How much plastic is wasted in the UK and how is it managed?
With plastics, things are kind of blurry, and that is no wonder. Plastic is perhaps the hardest material to count when it comes to recycling for so many reasons:
- little clarity on what makes a good plastic for recycling,
- different segregation rules from one region to another,
- plastics management regulations that are too complicated for people to understand.
But some stats and data for the plastic waste in the UK are available. In 2022, for example, UK households were called to participate in the Big Plastic Count that was aiming to find out how much plastics citizens used at home and how much of that was sent for recycling. The results were staggering – only 12% of household plastic is recycled in the UK.
So, what happens to the rest? China is no longer able to receive European trash, though developing countries, despite plastic import ban, still receive some of the plastic waste. Incineration and landfill are most probably other preferred means to “solve” the plastic problem.
On the other hand, when it comes to packaging producers, the recycling rate is higher, because the UK has a producer responsibility obligation scheme in place that asks businesses to recycle a good part of the packaging they place on the market. In this case, according to the latest report of the UK government, in 2021 44.2% of the generated plastic was recycled.
Another good policy that has been generating good results is the charge on plastic bags in supermarkets introduced in 2015, resulting in fewer plastic bags being used by UK citizens. The charge has led to 35% fewer plastic bags, according to DEFRA. Other taxes have been introduced since then, but there’s still a long way to go to reach better results.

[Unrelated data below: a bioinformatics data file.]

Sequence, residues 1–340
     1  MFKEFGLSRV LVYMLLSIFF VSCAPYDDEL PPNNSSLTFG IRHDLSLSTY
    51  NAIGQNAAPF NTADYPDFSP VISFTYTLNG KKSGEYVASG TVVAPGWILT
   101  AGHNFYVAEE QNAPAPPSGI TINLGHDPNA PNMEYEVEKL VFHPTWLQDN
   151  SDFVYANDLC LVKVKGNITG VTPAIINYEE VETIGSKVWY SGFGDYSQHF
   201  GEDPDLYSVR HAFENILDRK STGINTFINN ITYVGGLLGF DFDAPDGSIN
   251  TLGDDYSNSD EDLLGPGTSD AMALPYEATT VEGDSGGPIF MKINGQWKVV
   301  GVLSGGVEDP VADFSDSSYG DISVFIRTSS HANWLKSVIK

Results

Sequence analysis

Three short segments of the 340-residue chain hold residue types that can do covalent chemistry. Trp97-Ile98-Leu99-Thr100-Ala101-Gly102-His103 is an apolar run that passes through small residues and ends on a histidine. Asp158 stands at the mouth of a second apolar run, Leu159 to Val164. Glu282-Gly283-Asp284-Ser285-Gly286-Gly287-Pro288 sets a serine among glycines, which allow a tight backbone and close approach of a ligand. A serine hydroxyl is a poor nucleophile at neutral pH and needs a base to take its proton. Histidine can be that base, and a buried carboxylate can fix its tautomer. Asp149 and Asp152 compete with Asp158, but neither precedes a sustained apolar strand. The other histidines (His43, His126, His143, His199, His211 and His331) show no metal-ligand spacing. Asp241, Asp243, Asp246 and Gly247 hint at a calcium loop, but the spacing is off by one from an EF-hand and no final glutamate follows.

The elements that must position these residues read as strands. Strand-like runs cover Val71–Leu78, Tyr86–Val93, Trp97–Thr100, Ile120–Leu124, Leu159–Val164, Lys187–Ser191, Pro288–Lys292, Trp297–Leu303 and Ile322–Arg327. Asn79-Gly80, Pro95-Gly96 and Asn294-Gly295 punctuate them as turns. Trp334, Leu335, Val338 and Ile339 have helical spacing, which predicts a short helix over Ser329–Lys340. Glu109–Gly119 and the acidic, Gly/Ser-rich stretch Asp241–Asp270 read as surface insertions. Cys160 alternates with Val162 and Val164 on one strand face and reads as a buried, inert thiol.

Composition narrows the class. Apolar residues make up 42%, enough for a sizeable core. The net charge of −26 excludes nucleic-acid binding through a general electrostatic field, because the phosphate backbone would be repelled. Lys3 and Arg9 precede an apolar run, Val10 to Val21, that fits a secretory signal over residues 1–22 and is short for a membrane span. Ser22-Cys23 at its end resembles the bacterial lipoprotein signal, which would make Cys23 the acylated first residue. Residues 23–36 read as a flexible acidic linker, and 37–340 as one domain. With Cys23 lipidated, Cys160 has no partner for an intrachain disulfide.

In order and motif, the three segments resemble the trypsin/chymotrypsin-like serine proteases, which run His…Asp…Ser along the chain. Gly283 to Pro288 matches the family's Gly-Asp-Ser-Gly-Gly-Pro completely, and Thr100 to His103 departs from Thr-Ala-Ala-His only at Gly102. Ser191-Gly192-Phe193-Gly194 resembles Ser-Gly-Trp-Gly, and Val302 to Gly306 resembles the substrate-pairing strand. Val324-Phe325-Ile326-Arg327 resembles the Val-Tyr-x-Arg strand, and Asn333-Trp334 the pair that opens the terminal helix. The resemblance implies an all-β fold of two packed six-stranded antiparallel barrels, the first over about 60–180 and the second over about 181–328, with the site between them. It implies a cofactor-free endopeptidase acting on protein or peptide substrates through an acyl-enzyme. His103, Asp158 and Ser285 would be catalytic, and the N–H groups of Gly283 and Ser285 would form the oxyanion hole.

Recycling goals and drivers instead of a conclusion
Numbers don’t lie. The UK has made progress when it comes to recycling, but there’s an ambitious target to be reached by 2035 – no less than 65%. Is that feasible? With the right information and incentives to the public, more regulatory schemes for businesses, higher costs for landfilling waste, and more recycling plants featuring performant technology to help recycling businesses thrive as well, the target is achievable.
Moreover, it is clear that climate change impact on the environment and people’s future, ESG reporting that is now mandatory for major UK companies, and customers’ behavioral shift in choosing one product over another – a study from 2021 shows that nearly nine in ten consumers have become greener in their purchases in the past years, have also become main drivers for recycling.
When it comes to the availability of performant technology and machines, businesses in the UK can not complain – from shredders to screening machines and bag openers for all kinds of waste, the recycling machine industry has a lot to offer. As to screening technology, In Ecostar we have developed the innovative technology Dynamic Disc Screening, which is based on a series of shafts equipped with hexagonal or octagonal discs with a flat profile, made of Hardox to guarantee maximum resistance. The material flows on the screen’s discs and is subjected to a jolting movement that separates the waste. The undersized material drops below the screening surface, passing through the gaps between the discs while the oversized material advances to the end of the screening plane. The result is a clean fraction, ready for recycling processing. The technology works on both Ecostar stationary and mobile screens and brings a lot of advantages to recycling businesses – from small spaces required to high separation quality, high yields, and low energy consumption.
If you would like to know more about our performing screening technology, go and visit our partner stand, Kaizen Recycling, at RWM in Birmingham, from 13th to 14th of September. Finally, if you would like to learn more about the best solution for your material, click here and book a meeting at the booth with our team.